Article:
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CA CRC Educational Session CAUSE Central Coast Alliance United for a Sustainable Economy. Presented by: Chris Lanier Regional Civic Engagement Organizer 805-658-0810 x 205 February 26, 2011.

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CA CRC Educational Session


Central Coast Alliance United

for a Sustainable Economy

Presented by:

Chris Lanier

Regional Civic Engagement Organizer

805-658-0810 x 205

February 26, 2011


Central Coast Redistricting Collaborative and the Citizen’s Redistricting Commission

Special thank you to the James Irvine Foundation and the

Program for Environmental and Regional Equity (PERE) at the University of Southern California (USC)

Image sources: Fairview Gardens [via flickr], Mixteco/Indigena Community Organizing Project [], & Jennifer Tran


Who We Are

CAUSE is a California Central Coast regional social justice organization, that uses grassroots advocacy, policy research and community organizing strategies to build power for local communities seeking social, economic, and environmental and justice.

Our offices are in Ventura and Oxnard, California, with multi-cultural and bi-lingual staff and board.

Organization has a decade of organizing and policy accomplishments, including:

  • living wage ordinances in Ventura, Santa Barbara Counties
  • Stopped liquified natural gas terminal off coast of Oxnard
  • Drew maps adopted by Ventura County for 2001 Supervisorial redistricting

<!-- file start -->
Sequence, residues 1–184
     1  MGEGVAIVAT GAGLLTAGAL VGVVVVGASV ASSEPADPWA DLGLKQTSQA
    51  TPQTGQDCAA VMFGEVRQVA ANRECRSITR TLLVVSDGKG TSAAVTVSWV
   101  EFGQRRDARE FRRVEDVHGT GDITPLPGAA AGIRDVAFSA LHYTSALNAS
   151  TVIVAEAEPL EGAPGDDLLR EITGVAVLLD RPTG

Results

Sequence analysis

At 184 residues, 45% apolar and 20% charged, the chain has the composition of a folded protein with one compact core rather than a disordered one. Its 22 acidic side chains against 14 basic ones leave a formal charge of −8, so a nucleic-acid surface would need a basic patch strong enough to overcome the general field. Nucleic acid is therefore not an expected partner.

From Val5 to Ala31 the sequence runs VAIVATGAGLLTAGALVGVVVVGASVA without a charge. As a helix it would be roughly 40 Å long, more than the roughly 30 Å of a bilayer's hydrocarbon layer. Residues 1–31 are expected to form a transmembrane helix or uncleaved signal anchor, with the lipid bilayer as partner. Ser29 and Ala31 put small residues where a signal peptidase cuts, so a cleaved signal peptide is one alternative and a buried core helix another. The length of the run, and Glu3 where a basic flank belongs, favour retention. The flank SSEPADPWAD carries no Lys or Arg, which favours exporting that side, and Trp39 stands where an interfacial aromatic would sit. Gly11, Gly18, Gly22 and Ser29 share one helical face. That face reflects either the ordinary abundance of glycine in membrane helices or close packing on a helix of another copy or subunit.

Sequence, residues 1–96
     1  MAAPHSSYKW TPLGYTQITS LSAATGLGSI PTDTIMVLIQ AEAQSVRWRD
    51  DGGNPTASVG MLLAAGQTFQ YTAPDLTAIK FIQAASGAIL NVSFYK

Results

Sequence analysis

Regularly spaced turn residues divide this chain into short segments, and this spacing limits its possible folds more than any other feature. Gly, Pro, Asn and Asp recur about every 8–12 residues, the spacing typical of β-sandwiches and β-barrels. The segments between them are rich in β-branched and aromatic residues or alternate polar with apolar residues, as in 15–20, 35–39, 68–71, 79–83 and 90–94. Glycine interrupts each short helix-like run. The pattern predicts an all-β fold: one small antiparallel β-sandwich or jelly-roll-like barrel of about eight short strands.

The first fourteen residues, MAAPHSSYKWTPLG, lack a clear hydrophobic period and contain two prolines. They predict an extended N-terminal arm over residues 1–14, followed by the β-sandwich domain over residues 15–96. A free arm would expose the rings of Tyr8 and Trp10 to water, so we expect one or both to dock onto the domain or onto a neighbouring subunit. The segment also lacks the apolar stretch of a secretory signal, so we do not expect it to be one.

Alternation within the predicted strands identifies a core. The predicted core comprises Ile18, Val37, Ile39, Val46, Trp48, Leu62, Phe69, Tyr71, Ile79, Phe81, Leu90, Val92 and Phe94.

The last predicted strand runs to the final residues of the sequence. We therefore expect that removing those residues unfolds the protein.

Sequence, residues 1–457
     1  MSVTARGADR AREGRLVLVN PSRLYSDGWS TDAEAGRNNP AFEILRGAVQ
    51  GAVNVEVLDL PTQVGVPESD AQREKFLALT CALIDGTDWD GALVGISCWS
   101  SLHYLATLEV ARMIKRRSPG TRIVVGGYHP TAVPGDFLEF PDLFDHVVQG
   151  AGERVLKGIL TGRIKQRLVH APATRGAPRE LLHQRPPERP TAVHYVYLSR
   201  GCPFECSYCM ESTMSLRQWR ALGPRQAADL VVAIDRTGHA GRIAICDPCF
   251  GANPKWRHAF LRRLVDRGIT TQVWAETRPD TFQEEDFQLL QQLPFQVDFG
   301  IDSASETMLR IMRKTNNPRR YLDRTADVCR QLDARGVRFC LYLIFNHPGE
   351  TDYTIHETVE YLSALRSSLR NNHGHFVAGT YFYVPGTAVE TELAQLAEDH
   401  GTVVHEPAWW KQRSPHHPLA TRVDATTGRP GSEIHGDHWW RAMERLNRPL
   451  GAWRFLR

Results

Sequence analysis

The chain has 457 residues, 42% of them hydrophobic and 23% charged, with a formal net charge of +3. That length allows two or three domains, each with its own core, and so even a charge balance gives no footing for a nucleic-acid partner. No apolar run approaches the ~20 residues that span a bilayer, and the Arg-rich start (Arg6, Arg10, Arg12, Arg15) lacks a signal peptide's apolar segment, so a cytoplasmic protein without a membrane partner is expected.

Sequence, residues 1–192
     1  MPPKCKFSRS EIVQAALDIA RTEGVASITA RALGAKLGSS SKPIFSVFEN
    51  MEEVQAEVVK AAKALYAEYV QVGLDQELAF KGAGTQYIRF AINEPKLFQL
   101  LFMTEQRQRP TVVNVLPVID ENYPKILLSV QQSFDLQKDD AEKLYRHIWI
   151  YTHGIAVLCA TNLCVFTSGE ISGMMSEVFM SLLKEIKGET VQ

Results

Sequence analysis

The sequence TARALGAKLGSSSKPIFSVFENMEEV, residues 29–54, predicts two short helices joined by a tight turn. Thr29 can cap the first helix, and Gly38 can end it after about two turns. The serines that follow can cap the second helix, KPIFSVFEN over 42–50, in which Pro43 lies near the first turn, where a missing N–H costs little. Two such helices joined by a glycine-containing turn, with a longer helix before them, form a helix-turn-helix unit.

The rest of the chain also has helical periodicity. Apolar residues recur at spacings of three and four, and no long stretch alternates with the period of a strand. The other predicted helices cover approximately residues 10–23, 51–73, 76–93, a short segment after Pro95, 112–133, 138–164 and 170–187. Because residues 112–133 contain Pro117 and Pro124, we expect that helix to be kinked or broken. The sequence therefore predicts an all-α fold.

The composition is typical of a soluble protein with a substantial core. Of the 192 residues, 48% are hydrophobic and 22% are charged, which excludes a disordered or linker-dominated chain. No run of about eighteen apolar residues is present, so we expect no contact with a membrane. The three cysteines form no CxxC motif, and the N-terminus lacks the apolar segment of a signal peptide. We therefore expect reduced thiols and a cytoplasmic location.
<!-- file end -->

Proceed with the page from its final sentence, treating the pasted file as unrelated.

• Engaged over 40,000 new and occasional voters over the past year to promote participation and dialogue on ballot measures

CAUSE: Mission and Vision


Creating a sustainable regional economy that is just, prosperous and environmentally healthy

Mission To build grassroots power to realize social, economic and environmental justice for the people of the Central Coast region through policy research, leadership development, organizing, and advocacy.


CAUSE Current Program Areas

  • A Just Economy
  • Environmental & Health Equity
  • Sustainable development
  • Women’s Justice
  • Voting rights and electoral participation
    • New and occasional voters
    • People of color
    • Young voters
    • Immigrant integration

Central Coast Redistricting Collaborative

Our Redistricting Goals:

Promote and protect voting rights for Communities of Color and poor communities in the six counties of the Central Coast: Ventura, Santa Barbara, San Luis Obispo, Monterey, San Benito and Santa Cruz.

Promote diverse public participation in the redistricting process.

Enhance representation for Central Coast communities of interest.


Central Coast Redistricting Collaborative

  • CAUSE Plans for Spring and Summer
  • Establish Central coast redistricting county work groups (6)
  • Conduct public education through workshops, e-alerts, website, and news media throughout region
  • Key informant interviews to collect Community of Interest information
  • Research on community indicators / demographics
  • Preparation for community to provide COI testimony (English & Spanish)
  • Regional map development with work group collaboration to develop recommendations
  • Other technical assistance to local work groups

Central Coast Redistricting Collaborative